Harvey Norman has lodged a trademark application for the phrase “Rick Hart @ Harvey Norman” and an associated image in what could be a new business initiative for the Rick Hart brand Harvey Norman Holdings acquired from the ruins of the Clive Peeters collapse.
The application for this trademark was lodged on 20 November 2013 and first reported by ™Watch.net, a website owned and operated by Appliance Retailer contributor Tim Lince.
Since purchasing both the Clive Peeters and Rick Hart brands in 2010, along with 8 Rick Hart and 21 Clive Peeters stores, Harvey Norman has repeatedly expressed regret at this decision. In the first 12 months since purchase, Harvey Norman Holdings lost $41 million on these self-described “damaged” brands.
In August 2013, Harvey Norman chairman Gerry Harvey said, “We should have never have taken over that business. In every state it’s been proven to be the wrong decision.” Harvey further noted that Harvey Norman had closed the worst performing stores and that more closures would follow.
Since that time, Harvey Norman has either closed down or rebranded all of its Rick Hart stores. In the case of rebrandings, the stores were simply rebadged as Harvey Norman stores. An example of this is the former Rick Hart store in Osborne Park, Perth’s major appliance retailing suburb, which is now a Harvey Norman.
In addition to there no longer being any stores carrying the Rick Hart brand, the former rickhart.com.au website redirects to Harvey Norman’s homepage.
While this was happening, the original Rick Hart founder and Western Australian retail icon Rick Hart (the person) successfully launched the well-regarded Kitchen HQ retail brand, a member of the Narta Group of electrical retailers. Hart is joined at Kitchen HQ by retail veterans Nick Kirby and Spiros Scafidas. The trio opened their first store in Osborne Park in 2010 and added an O’Connor showroom in July 2013.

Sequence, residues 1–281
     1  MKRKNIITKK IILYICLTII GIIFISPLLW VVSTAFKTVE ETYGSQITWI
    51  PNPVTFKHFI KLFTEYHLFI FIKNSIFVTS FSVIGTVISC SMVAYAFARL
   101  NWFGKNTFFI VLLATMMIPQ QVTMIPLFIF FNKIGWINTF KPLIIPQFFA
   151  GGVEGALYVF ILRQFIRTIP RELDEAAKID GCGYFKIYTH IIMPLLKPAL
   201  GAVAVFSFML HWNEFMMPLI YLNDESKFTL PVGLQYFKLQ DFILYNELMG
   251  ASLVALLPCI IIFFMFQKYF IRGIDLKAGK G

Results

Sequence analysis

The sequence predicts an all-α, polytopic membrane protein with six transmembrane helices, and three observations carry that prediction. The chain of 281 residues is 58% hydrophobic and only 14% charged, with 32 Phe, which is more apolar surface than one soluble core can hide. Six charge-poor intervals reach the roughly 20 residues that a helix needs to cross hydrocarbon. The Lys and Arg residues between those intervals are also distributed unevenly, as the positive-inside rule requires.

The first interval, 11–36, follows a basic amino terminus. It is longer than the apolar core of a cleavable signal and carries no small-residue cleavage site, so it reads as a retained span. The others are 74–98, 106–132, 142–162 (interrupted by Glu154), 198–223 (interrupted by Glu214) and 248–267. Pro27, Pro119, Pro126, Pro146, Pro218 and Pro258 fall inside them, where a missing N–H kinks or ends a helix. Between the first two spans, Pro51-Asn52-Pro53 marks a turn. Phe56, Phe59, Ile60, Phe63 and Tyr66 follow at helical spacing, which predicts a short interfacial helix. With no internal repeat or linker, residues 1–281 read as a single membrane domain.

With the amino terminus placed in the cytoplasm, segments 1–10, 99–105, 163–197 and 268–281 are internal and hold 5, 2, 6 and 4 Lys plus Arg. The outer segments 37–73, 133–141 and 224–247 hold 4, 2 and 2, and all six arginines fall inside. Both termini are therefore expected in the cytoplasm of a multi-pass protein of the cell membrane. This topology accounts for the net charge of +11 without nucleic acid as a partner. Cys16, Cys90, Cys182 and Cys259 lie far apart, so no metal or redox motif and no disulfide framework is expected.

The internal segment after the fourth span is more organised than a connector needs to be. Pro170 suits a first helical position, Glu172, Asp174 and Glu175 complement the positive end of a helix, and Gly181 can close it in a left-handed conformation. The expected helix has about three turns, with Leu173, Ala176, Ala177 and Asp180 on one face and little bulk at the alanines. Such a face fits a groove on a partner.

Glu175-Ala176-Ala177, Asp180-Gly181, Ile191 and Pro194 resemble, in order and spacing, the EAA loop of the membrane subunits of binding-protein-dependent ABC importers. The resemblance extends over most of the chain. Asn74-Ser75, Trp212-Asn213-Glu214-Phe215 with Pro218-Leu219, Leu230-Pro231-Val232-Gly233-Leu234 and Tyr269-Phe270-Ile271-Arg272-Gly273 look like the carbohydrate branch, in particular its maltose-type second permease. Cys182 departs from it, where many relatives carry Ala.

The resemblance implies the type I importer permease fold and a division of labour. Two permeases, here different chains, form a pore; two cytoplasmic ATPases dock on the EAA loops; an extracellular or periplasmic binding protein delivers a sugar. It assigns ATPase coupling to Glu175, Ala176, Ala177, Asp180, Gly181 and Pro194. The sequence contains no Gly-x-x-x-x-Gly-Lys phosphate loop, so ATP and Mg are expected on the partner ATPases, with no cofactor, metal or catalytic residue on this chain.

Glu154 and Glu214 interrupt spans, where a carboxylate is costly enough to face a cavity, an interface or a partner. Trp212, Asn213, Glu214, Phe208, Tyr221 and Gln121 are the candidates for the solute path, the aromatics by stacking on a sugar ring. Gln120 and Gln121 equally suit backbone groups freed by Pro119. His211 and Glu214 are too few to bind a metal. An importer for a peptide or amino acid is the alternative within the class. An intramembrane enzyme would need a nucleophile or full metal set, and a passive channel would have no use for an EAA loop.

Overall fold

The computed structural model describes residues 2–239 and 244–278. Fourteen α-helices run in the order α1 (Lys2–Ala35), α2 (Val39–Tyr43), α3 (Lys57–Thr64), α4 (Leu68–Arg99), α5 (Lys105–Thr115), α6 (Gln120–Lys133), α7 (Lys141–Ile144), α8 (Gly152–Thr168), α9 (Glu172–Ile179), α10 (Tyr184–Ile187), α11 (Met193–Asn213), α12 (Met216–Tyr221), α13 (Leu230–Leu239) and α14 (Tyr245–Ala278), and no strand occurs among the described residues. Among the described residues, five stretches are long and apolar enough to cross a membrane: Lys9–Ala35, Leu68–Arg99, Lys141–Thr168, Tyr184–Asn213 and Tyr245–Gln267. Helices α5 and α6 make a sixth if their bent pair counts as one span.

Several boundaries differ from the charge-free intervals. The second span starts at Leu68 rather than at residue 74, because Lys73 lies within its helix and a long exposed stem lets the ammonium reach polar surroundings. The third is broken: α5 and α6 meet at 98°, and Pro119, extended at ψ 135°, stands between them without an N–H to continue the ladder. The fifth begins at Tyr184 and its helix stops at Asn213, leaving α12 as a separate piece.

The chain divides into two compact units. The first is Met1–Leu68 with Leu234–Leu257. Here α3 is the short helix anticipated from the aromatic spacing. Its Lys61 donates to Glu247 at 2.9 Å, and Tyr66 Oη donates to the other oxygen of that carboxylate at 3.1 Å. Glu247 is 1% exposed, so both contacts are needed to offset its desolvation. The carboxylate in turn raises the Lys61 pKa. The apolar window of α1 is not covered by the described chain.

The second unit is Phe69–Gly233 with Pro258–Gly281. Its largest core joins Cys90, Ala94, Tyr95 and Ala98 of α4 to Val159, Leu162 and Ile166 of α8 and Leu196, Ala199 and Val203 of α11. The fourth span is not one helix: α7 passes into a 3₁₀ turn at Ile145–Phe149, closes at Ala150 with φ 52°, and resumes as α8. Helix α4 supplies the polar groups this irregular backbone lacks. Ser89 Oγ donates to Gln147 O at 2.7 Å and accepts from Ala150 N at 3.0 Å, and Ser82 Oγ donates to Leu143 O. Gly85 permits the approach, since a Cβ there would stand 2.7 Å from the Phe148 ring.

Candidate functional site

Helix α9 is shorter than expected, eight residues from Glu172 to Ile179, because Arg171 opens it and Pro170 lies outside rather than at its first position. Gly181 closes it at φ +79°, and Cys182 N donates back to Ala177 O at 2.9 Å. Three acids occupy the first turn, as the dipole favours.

It is an oddity of the appliance industry that Rick Hart (the person) does not own his name as a brand. Hart partnered with Clive Peeters in 2005 for an combined initial public offering of Clive Peeters Limited, which included both Clive Peeters and Rick Hart stores. Greg Smith, the man who had been running Clive Peeters, became CEO and Hart was a director of the new publicly listed company.
Hart resigned from the Clive Peeters board in 2009, essentially forgoing any claims he had to the Rick Hart brand. One year later, Clive Peeters collapsed, placing the brand in the hands of receivers. Harvey Norman purchased the Rick Hart brand and originally attempted to trade off its popularity in Western Australia. This proved unsuccessful, leading to a scathing assessment by Hart:
I don’t think they knew how to run the brand, and I think they drove it in a different direction to where it was going before. No-one knows the business better than I do and, generally, when you get these big corporates involved they lose the soul of the business.
As soon as you get Eastern States corporate raiders, I always thought it [the Rick Hart brand] would disappear.
Harvey Norman’s application for a trademark incorporating Rick Hart is interesting because it suggests Harvey Norman has new plans for that brand. Recent efforts to close down, rebrand and restructure Rick Hart indicated that Harvey Norman was prepared to retire it for good.
Appliance Retailer placed calls to Harvey Norman to inquire as to their plans for Rick Hart @ Harvey Norman, and we will publish any response we receive.
The name evokes store-in-store concepts, such as the Dick Smith at David Jones installation announced earlier this year, and it could be a renewed attempt to leverage the famous Rick Hart brand to attract shoppers to Harvey Norman-branded stores.
This strategy could work in the West, where the Rick Hart brand is still very strong, though it is unlikely to have any appeal in the Eastern states.